Floyd Mayweather vs Manny Pacquiao: A mega-bucks fight is now on... or is it?


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The mega-bucks showdown between Floyd Mayweather Jnr and Manny Paquiao has long been the fight game’s most anticipated piece of legitimate theatre. But at the moment it remains something of a pugilistic pantomime.

Will it ever happen? Oh yes it will. Oh no it won’t.

Conflicting reports on whether it may finally materialise in Las Vegas this spring proliferate, with Pacquiao’s promoter claiming a deal has been struck despite his official spokesperson insisting it is “still a long way off”.

A Mayweather camp “insider” is quoted as saying “they’re putting it together”, but ominously there is no word from the Money Man himself. Pacquiao clearly now wants the welterweight showdown to help pay off a massive US tax bill (he says he’ll accept the short end of a 60-40 split, with boxing’s richest-bout likely to gross $200m (£130m).

Floyd Mayweather, still undefeated after 47 fights

But it seems Mayweather isn’t bothered one way or the other, as the Top Rank boss Bob Arum, who masterminds Pacquiao’s career, obviously believes.

He says Mayweather “needs to grow some cojones”, adding: “Manny has been very reasonable. Now, we’re waiting on Floyd, though I’m not sure it will happen.”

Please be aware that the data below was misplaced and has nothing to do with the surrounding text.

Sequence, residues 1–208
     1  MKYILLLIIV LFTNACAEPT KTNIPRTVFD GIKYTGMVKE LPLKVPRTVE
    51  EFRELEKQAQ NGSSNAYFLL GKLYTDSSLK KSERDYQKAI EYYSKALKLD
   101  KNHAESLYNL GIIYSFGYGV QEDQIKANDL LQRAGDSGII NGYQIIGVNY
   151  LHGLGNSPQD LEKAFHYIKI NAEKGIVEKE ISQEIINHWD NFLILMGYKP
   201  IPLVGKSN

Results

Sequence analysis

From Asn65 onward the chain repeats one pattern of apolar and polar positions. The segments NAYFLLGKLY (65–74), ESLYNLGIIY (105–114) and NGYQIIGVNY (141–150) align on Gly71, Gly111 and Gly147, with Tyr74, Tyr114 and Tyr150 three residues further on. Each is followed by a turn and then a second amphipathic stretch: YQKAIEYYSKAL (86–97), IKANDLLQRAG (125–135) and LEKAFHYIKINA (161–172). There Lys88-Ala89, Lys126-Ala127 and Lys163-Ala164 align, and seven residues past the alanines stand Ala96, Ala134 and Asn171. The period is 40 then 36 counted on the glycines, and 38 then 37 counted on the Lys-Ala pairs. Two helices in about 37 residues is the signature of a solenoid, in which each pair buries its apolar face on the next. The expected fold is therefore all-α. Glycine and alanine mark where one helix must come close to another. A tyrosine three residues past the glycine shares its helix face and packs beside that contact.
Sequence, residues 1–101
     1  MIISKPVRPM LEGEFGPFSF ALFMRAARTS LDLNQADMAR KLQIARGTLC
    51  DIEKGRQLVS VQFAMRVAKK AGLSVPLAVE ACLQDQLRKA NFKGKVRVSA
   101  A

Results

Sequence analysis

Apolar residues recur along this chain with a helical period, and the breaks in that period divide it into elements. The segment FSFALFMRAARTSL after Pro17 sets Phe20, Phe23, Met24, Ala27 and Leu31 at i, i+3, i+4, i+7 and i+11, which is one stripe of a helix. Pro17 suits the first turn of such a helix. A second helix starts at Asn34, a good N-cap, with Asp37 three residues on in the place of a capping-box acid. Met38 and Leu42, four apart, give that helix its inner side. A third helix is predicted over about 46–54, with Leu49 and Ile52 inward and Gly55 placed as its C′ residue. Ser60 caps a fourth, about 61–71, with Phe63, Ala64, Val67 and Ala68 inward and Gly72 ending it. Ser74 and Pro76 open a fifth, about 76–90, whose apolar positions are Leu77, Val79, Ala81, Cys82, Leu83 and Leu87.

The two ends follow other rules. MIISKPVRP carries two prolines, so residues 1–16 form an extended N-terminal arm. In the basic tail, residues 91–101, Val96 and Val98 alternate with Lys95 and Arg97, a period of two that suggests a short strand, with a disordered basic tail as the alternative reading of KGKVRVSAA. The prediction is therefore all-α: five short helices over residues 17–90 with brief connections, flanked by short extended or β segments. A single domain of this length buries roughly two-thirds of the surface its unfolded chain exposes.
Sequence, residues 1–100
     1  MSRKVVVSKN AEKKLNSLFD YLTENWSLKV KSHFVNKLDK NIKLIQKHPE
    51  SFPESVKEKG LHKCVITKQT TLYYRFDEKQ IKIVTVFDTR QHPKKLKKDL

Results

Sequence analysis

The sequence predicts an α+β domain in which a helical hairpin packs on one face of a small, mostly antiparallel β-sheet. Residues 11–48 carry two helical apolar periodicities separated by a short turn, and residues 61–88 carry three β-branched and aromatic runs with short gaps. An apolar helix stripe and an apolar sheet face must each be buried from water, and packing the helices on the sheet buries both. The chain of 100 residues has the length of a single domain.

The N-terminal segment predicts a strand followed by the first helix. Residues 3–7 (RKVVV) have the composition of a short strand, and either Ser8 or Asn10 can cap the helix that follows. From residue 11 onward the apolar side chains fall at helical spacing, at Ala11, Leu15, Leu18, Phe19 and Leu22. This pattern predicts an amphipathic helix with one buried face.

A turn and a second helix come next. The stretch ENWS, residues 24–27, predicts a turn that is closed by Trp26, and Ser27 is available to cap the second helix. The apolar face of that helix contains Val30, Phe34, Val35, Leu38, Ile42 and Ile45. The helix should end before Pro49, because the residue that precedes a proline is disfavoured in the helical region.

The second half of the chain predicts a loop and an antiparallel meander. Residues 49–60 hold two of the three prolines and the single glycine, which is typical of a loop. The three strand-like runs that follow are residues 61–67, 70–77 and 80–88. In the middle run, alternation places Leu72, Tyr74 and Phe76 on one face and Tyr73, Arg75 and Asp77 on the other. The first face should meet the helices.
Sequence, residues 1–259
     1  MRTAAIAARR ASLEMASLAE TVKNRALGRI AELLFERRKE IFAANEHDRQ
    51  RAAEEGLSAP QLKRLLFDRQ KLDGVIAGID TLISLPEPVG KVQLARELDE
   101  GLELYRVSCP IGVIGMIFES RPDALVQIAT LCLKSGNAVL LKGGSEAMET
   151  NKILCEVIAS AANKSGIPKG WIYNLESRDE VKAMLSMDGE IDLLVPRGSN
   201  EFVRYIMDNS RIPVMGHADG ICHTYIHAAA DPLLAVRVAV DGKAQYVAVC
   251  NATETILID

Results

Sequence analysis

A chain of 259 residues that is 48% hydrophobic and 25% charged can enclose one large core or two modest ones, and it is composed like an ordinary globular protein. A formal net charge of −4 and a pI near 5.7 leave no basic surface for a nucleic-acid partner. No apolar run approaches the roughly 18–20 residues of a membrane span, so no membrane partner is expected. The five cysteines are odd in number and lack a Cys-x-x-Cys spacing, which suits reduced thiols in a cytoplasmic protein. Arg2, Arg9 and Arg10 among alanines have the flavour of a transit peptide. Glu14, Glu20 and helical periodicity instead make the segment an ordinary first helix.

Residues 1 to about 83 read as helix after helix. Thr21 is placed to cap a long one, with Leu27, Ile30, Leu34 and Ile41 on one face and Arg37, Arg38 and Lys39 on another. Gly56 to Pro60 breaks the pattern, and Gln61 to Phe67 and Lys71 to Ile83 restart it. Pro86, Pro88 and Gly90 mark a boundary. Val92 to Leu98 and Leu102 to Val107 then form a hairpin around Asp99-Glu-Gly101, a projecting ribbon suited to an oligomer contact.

One possible obstacle is that it is unclear whether Pacquiao’s acquiescence to Olympic-style drugs checks includes the random blood testing that Mayweather has demanded.

While this is a classic collision that should have been made years ago, there’s no question it remains the biggest fight that can be made today. Unlike most other sports the obvious matches don’t always happen in boxing.

Manny Pacquiao

But not having Mayweather and Pacquiao swap blows, even at 38 and 36 respectively, is like Real Madrid never playing Barcelona. But with boxing you never know which way the wind is blowing.

As Arum himself once replied when asked about conflicting statements he had made: “Yesterday I was lying. Today I’m telling the truth.”

One-track mind games

Qatar, controversially handed football’s 2022 World Cup by Fifa, continues to raise eyebrows by scooping up other upcoming global sporting events, including world championships in swimming, squash, amateur boxing and, curiously, athletics.

The world’s wealthiest nation astonishingly beat American favourite Eugene, in Oregon, to follow London 2017 as hosts of the world championships two years later. The 15-12 decision by the IAAF executive has baffled many and conspiracy theories abound. Eugene is the global HQ of Nike. By coincidence the official sportswear brand of the IAAF is Nike’s great rival, Adidas, who are also Fifa’s longest-serving sponsors. Hmm.

Twin strikers attack

It has been another good week for sport’s leading ladies, with Sport England’s “This Girl Can” campaign getting six million plays on Facebook, and the Youth Sport Trust’s chair Baroness Sue Campbell reminding politicos that the losing battle between the PlayStation and the playing field among kids must be urgently addressed. Tuesday will see two more twin strikers, sports minister Helen Grant and FA board member Heather Rabbatts, teaming up to address the worrying lack of administrators and coaches from the ethnic minorities in football.

Key figures have been summoned to a meeting at the Department of Culture, Media and Sport and pressed about what football is doing to encourage greater diversity.